Fly is also able to earn respect. He joins the wrestling team along with Jace, and is also picked on because of his short stature. But as Jace gets better with wrestling, so does Fly. Both boys are able to beat the odds and relieve themselves of the “underdog” status. This is something that sports-movies usually love to play off of—the underdog angle. There’s a ne’er-do-well group of misfits who try out for a certain sport and improve until they are able to earn regard from everyone. Surprisingly, while there are a few clichés present in “Going to the Mat,” the film doesn’t necessarily dwell on them. Jace and Fly’s “underdog” story arcs are played convincingly so that it’s easy to follow along their practice. The coach doesn’t take any bull from anybody, but he isn’t the one-dimensional jerk—in fact, he’s far from it. The bullies are surprisingly well-developed characters, particularly the wrestling-team captain, John (Billy Aaron Brown). While he does give Jace a hard time, the two grow to form a nice friendship because Jace is able to help him with his Spanish-class grade in order for John to continue being on the team. In return, John helps Jace practice. Even Mary Beth, which is what could have been the thankless role of high-school love-interest, is three-dimensional—kind, but not dim; helpful, but within limits; falls for Jace, but knows there’s a bit of a risk, seeing as how her father is Jace’s coach. Also, it’s refreshing that she knows a lot about wrestling.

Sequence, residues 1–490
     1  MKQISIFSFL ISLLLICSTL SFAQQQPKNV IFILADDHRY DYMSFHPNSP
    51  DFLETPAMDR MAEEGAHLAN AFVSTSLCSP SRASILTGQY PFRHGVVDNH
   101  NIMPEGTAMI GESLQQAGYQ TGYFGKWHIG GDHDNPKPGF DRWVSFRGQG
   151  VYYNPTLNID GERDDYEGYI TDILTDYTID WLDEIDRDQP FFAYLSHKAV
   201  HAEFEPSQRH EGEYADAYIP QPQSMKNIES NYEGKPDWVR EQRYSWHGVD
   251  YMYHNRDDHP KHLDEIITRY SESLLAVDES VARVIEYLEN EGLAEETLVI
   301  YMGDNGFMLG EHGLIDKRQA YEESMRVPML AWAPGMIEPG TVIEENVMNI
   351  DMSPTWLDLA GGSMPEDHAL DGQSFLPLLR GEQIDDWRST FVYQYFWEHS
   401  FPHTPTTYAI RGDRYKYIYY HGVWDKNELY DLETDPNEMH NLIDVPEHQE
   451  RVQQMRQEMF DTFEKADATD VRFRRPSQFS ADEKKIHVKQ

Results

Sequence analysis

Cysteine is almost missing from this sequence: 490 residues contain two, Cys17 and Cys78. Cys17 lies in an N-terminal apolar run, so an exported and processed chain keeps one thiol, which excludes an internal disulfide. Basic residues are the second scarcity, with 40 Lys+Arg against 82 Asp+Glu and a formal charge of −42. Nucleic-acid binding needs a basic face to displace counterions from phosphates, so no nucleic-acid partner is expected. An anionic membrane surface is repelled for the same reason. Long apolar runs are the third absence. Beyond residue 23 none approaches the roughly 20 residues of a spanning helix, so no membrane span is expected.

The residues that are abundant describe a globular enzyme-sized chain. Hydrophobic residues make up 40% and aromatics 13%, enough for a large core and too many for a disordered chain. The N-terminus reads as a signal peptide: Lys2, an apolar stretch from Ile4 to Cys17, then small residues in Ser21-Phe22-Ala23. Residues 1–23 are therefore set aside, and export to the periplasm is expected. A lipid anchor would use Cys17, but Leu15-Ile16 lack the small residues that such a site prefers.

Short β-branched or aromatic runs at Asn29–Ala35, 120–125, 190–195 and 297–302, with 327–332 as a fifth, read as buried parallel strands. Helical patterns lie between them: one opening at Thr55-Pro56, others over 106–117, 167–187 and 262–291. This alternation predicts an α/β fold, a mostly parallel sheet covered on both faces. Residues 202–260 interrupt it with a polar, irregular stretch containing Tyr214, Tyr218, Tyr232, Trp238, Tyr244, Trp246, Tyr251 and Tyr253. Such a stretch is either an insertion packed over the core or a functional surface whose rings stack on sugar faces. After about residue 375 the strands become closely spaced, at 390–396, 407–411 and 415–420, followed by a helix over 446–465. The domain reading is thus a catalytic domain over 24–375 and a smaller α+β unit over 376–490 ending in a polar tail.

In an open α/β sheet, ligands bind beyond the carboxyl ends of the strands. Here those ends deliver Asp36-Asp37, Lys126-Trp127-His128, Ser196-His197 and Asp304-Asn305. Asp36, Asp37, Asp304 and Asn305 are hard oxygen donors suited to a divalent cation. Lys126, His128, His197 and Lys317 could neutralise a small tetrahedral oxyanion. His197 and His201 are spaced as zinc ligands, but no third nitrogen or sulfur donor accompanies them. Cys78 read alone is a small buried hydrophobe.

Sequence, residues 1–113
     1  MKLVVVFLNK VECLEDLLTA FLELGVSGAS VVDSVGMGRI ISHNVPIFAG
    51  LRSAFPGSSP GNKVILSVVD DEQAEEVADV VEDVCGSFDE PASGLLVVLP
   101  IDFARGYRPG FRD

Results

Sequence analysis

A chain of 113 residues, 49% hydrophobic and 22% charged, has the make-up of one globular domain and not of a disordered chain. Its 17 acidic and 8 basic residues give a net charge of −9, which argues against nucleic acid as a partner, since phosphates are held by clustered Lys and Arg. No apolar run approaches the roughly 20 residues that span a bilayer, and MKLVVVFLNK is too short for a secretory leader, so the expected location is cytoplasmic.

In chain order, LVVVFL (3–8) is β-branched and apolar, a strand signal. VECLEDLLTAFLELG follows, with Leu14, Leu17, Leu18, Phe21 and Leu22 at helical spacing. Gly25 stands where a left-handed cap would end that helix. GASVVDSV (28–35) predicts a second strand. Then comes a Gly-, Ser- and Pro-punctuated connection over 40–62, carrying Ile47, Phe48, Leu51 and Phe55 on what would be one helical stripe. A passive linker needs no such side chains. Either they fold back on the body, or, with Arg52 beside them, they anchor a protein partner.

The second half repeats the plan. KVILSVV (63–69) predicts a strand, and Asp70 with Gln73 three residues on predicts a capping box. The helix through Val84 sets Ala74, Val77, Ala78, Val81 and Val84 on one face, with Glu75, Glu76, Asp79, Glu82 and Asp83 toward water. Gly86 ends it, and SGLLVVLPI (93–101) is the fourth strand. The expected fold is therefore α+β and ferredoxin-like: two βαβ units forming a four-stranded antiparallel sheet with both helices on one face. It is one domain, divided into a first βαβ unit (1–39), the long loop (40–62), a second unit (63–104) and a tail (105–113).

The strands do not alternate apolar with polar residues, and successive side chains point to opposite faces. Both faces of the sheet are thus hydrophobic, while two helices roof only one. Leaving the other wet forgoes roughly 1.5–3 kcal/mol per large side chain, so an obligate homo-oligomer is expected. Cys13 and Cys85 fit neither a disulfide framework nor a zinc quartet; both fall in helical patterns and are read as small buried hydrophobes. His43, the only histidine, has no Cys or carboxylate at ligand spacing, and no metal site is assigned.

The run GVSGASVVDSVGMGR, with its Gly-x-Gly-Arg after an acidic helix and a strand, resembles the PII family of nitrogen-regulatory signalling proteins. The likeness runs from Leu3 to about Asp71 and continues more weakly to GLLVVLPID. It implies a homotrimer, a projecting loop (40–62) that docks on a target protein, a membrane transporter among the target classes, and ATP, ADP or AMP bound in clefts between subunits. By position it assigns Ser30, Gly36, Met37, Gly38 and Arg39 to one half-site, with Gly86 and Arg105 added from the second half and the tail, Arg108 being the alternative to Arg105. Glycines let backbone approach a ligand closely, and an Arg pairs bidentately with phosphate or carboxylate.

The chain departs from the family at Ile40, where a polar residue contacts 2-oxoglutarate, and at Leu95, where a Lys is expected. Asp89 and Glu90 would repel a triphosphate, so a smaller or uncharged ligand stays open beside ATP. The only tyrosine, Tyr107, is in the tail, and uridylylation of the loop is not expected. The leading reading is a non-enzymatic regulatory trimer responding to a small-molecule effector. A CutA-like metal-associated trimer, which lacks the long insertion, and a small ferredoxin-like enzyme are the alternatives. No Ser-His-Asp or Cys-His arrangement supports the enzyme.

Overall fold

Andrew Lawrence stars as Jace, and it’s a solid, charismatic performance. He’s completely convincing as a blind kid seeking to fit in. He’s tough, but sensitive too. He’s cocky and brave, but also knows when to keep his mouth shut and focus. And he doesn’t back down, though he knows his own limitations of his disability. He’s very good here and he’s also another very important reason why this film works. Khleo Thomas is not as successful, as he is sort of a generic best-friend character, but he is likable nonetheless. Alessandra Toreson is good as well, Billy Aaron Brown is a convincing jock, and Wayne Brady is also solid as the blind music teacher who informs Jace that it’s not sight that makes you who you are—it’s obvious, and the speeches are kind of hokey at times, but they’re effective at getting the point across.